Time for "How Scared Should I Be?" the column that quantifies the scariness of everything under the sun, and teaches you how to allocate that most precious of natural resources: your fear.
A report last week from the Centers for Disease Control (CDC) showed that 2015 saw more STD diagnoses than any year in recorded history. That includes 1.5 million cases of chlamydia, 400,000 cases of gonorrhea, and 24,000 cases of syphilis. Syphilis in particular has been on a meteoric rise, increasing 66.7 percent since 2011. The diseases disproportionally affect people under 25 and people in the Western United States, and particularly men with male partners—as you can see in the chart below—but the increases are present across the board.
The numbers are shocking, but how should Americans deal with this new information other than by being horrified?
What we're seeing might not necessarily be a rise, according to Dr. Richard Santucci, specialist-in-chief of urology at Detroit Medical Center. It's "an almost astonishingly complex situation," he told me. Rates appear to be soaring, but more widespread screenings might just be revealing that STDs were always more common than we thought. "If you screened everyone in the US, you would get a spike in cases since you now would be picking up all the cases you were missing," Santucci said. But he cautioned against suggesting that infections aren't increasing, since "some STDs do seem to be rising."
Screenings themselves have certainly improved, according to CDC epidemiologist Elizabeth Torrone. "For chlamydia, you used to have a swab, and it was a pretty uncomfortable swab because it went up inside the penis—not something most men want to have done. Now we can diagnose chlamydia by just peeing in a cup," she told me. Such tests earned acceptance from the medical community around 2005. "We've really made a lot of advances in how easy it is to get checked for STDs, to try and break down some of those barriers."
But the situation is bleak either way. We're either seeing a sharp increase in STDs, or finally understanding how widespread these infections are. "These numbers really drive home the message that there are STDs in our communities, and we need to start talking about it," Torrone told me.
But talking about it might not do much. Jonathan Mermin, the director of the CDC's STD-fighting effort told NPR last week that "more than half of state and local STD programs have experienced budget cuts. In 2012, 20 health departments reported having to close their STD clinics."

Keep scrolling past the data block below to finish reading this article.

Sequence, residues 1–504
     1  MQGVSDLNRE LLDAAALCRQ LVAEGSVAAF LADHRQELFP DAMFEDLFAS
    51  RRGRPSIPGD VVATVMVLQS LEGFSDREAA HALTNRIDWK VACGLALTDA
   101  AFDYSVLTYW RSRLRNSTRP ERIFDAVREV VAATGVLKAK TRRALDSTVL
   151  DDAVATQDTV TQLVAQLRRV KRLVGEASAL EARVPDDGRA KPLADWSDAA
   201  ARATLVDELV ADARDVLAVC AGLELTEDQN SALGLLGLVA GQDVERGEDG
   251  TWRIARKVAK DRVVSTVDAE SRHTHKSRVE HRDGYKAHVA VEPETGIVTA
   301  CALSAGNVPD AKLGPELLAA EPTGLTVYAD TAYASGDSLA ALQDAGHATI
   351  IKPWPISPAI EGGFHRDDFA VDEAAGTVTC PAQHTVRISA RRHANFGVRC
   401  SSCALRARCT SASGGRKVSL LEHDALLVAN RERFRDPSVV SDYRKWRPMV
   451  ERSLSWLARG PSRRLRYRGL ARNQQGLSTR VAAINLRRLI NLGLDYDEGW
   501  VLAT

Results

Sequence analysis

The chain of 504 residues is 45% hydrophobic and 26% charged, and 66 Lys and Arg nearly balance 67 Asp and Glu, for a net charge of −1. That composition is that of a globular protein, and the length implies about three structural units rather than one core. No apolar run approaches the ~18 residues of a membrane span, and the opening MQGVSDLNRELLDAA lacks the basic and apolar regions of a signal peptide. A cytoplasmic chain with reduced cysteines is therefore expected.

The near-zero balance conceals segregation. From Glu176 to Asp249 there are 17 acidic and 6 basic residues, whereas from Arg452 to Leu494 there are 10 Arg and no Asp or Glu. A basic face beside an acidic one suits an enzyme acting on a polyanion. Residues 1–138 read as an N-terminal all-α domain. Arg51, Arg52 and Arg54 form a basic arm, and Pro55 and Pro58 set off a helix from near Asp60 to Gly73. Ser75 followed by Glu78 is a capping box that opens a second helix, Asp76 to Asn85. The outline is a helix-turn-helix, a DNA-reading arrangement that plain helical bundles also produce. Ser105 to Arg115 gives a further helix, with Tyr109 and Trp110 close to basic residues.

If better infrastructure were in place to treated infected people, there wouldn't be much for sufferers of highly treatable chlamydia and syphilis to worry about. But as the CDC report frequently notes, antibiotic resistance is making gonorrhea harder and harder to cure. "Right now, there's only one class of antibiotics that is recommended for the treatment of gonorrhea, and we are constantly monitoring any changes in susceptibility to that because we know it will likely develop resistance," Torrone told me.
And not to get all tenth grade health class on you, but if these infections go untreated there are consequences. Syphilis is more than just sores on your genitals. "You can get neurologic involvement with syphilis. We've actually had a number of cases of vision problems with syphilis—some people even went blind from syphilis infections," Torrone said. Untreated gonorrhea can cause infertility in women. Chlamydia can be passed on to a baby, leading to "deformities or even stillbirth," Torrone warned.
According to Torrone, if there's one thing people should take away from this report, it's not that they should be scared. "People need to get screened, and they need to get treated, but they also need to make sure they're talking to their partners about how to prevent STDs, so they don't have any of these consequences," she offered.
Patients also need to get over the stigma surrounding STDs. A CDC-led study this past June found that nearly half of patients seeking STD treatments were actively avoiding telling their primary doctors about them. Patient surveys revealed that 40 percent of patients had insurance, but weren't using it for their STD treatments. According to Dr. William S. Pearson who wrote that study, "Individuals receiving STD-related healthcare services will typically want to keep receipt of these services private."
Torrone envisions a future in which patients just level with their doctors about their own risky behaviors, and aren't shamed by their doctors about it. When that happens, she said, patients might start sounding like this:
"Hey, I saw this story on the news that STDs are going up. Do I need to get checked for STDs? Here's who I have sex with, and what type of sex I have."
Final Verdict: How Scared Should I Be of the Rise in STDs?
2/5: Taking Normal Precautions